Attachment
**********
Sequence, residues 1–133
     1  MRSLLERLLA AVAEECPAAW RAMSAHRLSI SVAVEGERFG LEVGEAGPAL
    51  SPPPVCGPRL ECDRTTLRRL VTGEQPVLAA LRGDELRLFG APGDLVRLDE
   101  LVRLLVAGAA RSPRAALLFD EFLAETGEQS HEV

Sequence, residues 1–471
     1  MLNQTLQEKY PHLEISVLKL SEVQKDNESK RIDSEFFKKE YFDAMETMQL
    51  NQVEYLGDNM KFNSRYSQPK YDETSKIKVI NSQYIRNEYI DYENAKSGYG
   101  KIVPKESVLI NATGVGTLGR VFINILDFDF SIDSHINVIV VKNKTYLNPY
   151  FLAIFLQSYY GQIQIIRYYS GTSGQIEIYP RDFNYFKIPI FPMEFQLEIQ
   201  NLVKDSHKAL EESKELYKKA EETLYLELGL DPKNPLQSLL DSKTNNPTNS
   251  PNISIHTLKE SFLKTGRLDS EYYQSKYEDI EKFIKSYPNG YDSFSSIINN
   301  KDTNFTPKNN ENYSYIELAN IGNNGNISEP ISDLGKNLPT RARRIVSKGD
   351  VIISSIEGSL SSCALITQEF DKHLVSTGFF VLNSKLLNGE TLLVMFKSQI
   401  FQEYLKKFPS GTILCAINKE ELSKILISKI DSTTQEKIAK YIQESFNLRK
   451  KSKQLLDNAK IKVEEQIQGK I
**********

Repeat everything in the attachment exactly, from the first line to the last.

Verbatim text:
Sequence, residues 1–133
     1  MRSLLERLLA AVAEECPAAW RAMSAHRLSI SVAVEGERFG LEVGEAGPAL
    51  SPPPVCGPRL ECDRTTLRRL VTGEQPVLAA LRGDELRLFG APGDLVRLDE
   101  LVRLLVAGAA RSPRAALLFD EFLAETGEQS HEV

Sequence, residues 1–471
     1  MLNQTLQEKY PHLEISVLKL SEVQKDNESK RIDSEFFKKE YFDAMETMQL
    51  NQVEYLGDNM KFNSRYSQPK YDETSKIKVI NSQYIRNEYI DYENAKSGYG
   101  KIVPKESVLI NATGVGTLGR VFINILDFDF SIDSHINVIV VKNKTYLNPY
   151  FLAIFLQSYY GQIQIIRYYS GTSGQIEIYP RDFNYFKIPI FPMEFQLEIQ
   201  NLVKDSHKAL EESKELYKKA EETLYLELGL DPKNPLQSLL DSKTNNPTNS
   251  PNISIHTLKE SFLKTGRLDS EYYQSKYEDI EKFIKSYPNG YDSFSSIINN
   301  KDTNFTPKNN ENYSYIELAN IGNNGNISEP ISDLGKNLPT RARRIVSKGD
   351  VIISSIEGSL SSCALITQEF DKHLVSTGFF VLNSKLLNGE TLLVMFKSQI
   401  FQEYLKKFPS GTILCAINKE ELSKILISKI DSTTQEKIAK YIQESFNLRK
   451  KSKQLLDNAK IKVEEQIQGK I